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Ever examined the labels of your cleaning products? Did you know that the majority of household supplies contain toxic substances which can potentially harm your health? These include cleaning agents, batteries, and aerosol bottles and if they are not stored properly, they can have serious adverse effects on your health and surroundings.

Let’s read on to find out how you can store hazardous materials safely and securely.

What are Hazardous Substances?

Substances that have a bad effect on human health or the environment are classified as hazardous. It is, therefore, important to familiarize oneself with the potential hazards of using such products and take adequate precautions to proceed with hazardous warehousing.

If you look up the internet, you will find that there is no ‘all-in-one’ list for toxic substances, but a handy rule of thumb is that any material which comes with a Safety Data Sheet (SDS) is considered to be a hazardous material, and must be stored in accordance with the guidelines of Hazmat Warehousing techniques. Failure in doing so can result in:

  • Fires
  • Spills
  • Explosions
  • Toxic reactions
  • Harmful exposures
  • Contamination of chemicals

You must, therefore, pay close attention to the product’s labels and any instructions on how to handle them safely.

What is Hazmat Warehousing?

Hazmat Warehousing simply refers to the storage of hazardous chemicals so that they are not lying around carrying unnecessary risks. Since every chemical is unique, there is no single technique of storage that applies to all.

The best warehousing approach, then, is the one that takes into account the various properties of chemicals being stored and the conditions under which they should be stored. Here are some of the most fool-proof techniques to store hazardous materials safely.

1. Keep Like Chemicals Together

Chemicals that are alike in properties should be stored in a single compartment and away from chemicals that might cause a reaction if mixed. Such chemicals should also be sealed tightly as any leak can be harmful or even life-threatening. It is also essential to store them at a lower height to minimize any chances of spillage.

2. Clearly Labeled and Dated

When storing hazardous materials, it is important to label and date them properly. To accomplish this, check out the product labels to determine their shelf life. Expiry dates tend to vary when it comes to chemicals and, hence, it is necessary to comply with them. Label each chemical with a comprehensible name and its respective date of expiry.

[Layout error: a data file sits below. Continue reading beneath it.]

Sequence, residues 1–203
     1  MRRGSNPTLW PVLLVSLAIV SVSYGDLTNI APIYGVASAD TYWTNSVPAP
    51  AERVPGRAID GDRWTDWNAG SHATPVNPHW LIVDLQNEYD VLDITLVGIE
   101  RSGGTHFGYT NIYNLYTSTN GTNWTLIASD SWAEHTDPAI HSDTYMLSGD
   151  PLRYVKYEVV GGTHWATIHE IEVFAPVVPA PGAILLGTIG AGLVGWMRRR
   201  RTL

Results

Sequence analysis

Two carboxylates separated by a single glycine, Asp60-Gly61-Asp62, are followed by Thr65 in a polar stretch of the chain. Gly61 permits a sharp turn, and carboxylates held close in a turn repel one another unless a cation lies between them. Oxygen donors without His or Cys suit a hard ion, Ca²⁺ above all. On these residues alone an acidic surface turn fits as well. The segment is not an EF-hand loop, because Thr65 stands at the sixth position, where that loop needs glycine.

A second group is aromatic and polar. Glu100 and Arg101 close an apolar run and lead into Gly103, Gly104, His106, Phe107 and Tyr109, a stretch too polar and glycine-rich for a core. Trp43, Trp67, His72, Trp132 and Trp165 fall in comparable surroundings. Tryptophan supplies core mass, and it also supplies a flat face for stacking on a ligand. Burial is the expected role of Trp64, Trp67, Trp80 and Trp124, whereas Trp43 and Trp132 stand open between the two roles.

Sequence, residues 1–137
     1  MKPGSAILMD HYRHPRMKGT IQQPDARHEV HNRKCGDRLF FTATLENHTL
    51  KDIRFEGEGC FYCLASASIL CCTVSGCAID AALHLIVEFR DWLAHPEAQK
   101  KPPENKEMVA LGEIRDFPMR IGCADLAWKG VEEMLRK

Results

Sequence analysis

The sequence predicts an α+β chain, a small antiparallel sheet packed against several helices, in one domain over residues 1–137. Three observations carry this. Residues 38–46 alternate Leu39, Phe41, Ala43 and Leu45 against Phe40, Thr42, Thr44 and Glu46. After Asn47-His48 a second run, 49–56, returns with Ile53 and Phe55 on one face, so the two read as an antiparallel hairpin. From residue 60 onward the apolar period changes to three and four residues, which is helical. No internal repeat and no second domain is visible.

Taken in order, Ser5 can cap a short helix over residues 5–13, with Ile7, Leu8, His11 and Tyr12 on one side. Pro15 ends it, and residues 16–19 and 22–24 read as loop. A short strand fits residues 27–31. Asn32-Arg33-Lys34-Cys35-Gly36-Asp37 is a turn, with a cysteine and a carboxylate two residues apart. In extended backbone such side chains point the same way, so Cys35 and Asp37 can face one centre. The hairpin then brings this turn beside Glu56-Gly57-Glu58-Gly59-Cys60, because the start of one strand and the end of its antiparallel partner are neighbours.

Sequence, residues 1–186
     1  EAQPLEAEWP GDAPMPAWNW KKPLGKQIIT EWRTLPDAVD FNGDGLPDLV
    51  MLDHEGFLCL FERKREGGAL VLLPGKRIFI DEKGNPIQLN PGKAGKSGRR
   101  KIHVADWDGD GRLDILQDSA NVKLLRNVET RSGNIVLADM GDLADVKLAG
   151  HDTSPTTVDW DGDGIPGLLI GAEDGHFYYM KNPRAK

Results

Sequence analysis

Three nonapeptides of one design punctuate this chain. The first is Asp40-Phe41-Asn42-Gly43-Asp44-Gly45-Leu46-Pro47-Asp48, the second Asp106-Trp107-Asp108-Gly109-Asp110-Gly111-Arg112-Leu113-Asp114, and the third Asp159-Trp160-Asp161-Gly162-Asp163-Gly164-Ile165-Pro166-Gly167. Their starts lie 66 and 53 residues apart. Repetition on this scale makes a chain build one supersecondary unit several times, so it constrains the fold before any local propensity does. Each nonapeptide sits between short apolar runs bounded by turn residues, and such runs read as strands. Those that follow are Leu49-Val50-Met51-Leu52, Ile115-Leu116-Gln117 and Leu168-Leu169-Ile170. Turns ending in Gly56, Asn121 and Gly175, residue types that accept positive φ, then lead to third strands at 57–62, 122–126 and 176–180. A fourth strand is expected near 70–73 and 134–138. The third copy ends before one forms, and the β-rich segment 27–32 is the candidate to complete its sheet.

Many chemicals tend to form dangerous peroxides over the course of years and this can lead them to explode upon contact. Hence, it is necessary to

safely store each chemical in its original packaging.

3. Special Attention to Flammable Materials

Flammable materials are those which can easily catch fire, and due to this reason, they pose a special threat to the environment.

To prevent risks or eliminate their detrimental effects, flammable substances should be tightly secured in an exclusive cabinet or shelves in a warehouse, with a fire label clearly visible. In addition, it is also important that flammable materials be stored according to their temperature requirements, as liquids change their state with any temperature fluctuations.

4. Do Not Forget Volatile Liquids

Volatile liquids evaporate rapidly at room temperatures; a familiar example would be acetone found in nail polish removers. These liquids evaporate to produce fumes that may accumulate in storage cabinets, which can lead to serious consequences. Store volatile substances in well-ventilated rooms to prevent toxic fumes from getting inhaled.

5. Keep Them Out of Reach

With the threat that hazardous chemicals carry, it is only reasonable that they should be kept out of reach, especially of the children. As many as five hundred children are rushed to the hospital and treated for swallowing something poisonous on a weekly basis. Adults are equally vulnerable to such risks.

To avoid accidents and mishaps, keep the chemicals locked in a secured and isolated space. The more secured and restricted their access is, the lower are the chances of accidents. Even in the workplace, only a few employees should have access to storage rooms.

Finally, an integral part of hazmat warehousing includes periodic checks. Storage areas should be maintained on a weekly basis with a thorough inspection of storage containers. Look out for any apparent fumes or suspicious smells. Have your partners trained alongside you and stay safe.

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